John Rossi, Ph.D.

Morgan & Helen Chu Dean’s Chair
Lidow Family Research Endowed Chair
Professor, Department of Molecular and Cellular Biology
Dean, Irell & Manella Graduate School of Biological Sciences
Beckman Research Institute of City of Hope

Dr. John Rossi is Lidow Family Research Endowed Chair and Professor in the Dept. of Molecular and Cellular Biology, Beckman Research Institute of the City of Hope. He currently serves as the Morgan and Helen Chu Dean’s Chair, and Dean of Irell & Manella Graduate School of Biological Sciences. He served as an Associate Director of Laboratory Research – City of Hope Comprehensive Cancer Center for City of Hope. He joined City Of Hope, Inc. (COH) in 1980 as an Assistant Research Scientist in the Department of Molecular Genetics. He was Chairman of the Division of Biology in 1992. In 1993, COH bestowed its highest honor upon him by naming him to its Gallery of Medical and Scientific Achievement for his pioneering work at the molecular level in the battle against AIDS and other major diseases.

Dr. Rossi received a BA in biology from the University of New Hampshire and a PhD in microbial genetics from the University of Connecticut. Following a post-doctoral fellowship in Molecular genetics at Brown University Medical School, he has been on the faculty of City of Hope National Medical Center in Duarte, California.

Dr. Rossi is widely regarded as a World Leader in the development of RNA interference and in clinical research with nucleic acids for the treatment of various diseases. His present focus is on enhancing the intracellular efficacy of ribozymes, small RNAs and siRNAi and their application to gene therapy for HIV and cancer.

He is the Editor in chief of Molecular Therapy – Nucleic Acids, along with Deputy Editor of Molecular Therapy. He also is an Editor for JBC, Editor in chief BMC Biotechnology and Human Gene Therapy. In 2002 he received the Merit Award from the Division of AIDS of the National Institute of Allergy and Infectious Diseases. Dr. Rossi was honored with the American Association for Clinical Chemistry Outstanding Speaker Award in 1991, and AAAS Fellow in Medical Sciences 2011. He has authored more than 275 peer-reviewed papers and more than 70 book chapters.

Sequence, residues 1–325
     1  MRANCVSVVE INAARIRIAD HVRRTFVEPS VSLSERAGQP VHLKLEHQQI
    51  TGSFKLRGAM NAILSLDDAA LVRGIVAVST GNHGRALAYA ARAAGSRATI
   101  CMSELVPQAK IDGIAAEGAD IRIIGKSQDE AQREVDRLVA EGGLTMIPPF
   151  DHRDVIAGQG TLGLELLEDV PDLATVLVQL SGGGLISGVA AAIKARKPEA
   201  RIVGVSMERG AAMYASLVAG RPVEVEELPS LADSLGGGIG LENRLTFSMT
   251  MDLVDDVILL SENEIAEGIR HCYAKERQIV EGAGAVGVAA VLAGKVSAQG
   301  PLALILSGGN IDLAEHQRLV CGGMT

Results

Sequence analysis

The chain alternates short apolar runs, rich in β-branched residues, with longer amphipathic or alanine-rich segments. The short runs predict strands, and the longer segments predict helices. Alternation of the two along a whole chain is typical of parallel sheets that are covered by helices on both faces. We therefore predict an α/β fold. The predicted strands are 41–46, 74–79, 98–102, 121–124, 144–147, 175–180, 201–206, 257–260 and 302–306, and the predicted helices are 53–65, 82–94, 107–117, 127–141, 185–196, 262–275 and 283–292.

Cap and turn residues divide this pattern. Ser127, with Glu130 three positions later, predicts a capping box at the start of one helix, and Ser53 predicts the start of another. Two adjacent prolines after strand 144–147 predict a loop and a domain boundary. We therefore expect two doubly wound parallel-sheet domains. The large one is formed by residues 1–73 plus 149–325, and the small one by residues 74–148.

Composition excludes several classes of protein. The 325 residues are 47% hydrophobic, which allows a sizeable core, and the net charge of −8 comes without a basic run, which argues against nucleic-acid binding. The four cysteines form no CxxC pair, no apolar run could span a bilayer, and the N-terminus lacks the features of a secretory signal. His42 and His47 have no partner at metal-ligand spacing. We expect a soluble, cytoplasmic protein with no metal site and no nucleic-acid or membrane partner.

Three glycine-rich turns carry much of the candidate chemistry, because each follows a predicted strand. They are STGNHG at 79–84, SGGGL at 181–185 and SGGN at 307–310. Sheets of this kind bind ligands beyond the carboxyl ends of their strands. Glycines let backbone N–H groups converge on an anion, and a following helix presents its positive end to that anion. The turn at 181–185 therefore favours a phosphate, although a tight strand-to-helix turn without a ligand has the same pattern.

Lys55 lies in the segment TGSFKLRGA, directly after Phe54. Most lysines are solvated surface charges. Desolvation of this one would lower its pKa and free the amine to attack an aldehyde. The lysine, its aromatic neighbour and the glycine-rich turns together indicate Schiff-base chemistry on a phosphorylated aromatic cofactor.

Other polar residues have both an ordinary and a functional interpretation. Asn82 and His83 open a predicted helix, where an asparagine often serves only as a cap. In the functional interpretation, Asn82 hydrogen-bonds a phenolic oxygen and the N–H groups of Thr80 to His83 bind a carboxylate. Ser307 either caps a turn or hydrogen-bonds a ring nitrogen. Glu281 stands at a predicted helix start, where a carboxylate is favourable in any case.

Dr. Rossi Co-Founded Dicerna Pharmaceuticals and Calando Pharmaceuticals, Inc. and was the founding president of the Oligonucleotide Therapeutics Society.

Kelvin Luk, Ph.D.

Research Associate Professor of Pathology and Laboratory Medicine
University of Pennsylvania

Dr. Luk received his BSc (Microbiology and Immunology) and PhD (Pathology) from McGill University. He completed his postdoctoral training at the University of Pennsylvania and obtained a Masters in Translational Research from Penn in 2013. He is currently Research Associate Professor of Pathology and Laboratory Medicine at the University of Pennsylvania and member of the Penn Center for Neurodegenerative Disease Research. Dr. Luk’s research aims to untangle the relationship between the formation of alpha-synuclein pathology that characterizes Parkinson’s disease (PD) and related disorders (e.g. Dementia with Lewy Bodies), as well as its contribution to neuronal dysfunction and degeneration. Using a multidisciplinary approach spanning in vitro, cell-based, and in vivo models, his team interrogates the mechanisms by which this protein misfolds into pathological agents that self-propagate capable of transmitting from cell-to-cell. The group has developed several novel cell- and animal-based models of synucleinopathy that are widely used in the field. This knowledge base has also been leveraged towards developing innovative tools for the detecting neurodegeneration-related proteins and to evaluate new therapies for neurodegenerative disorders.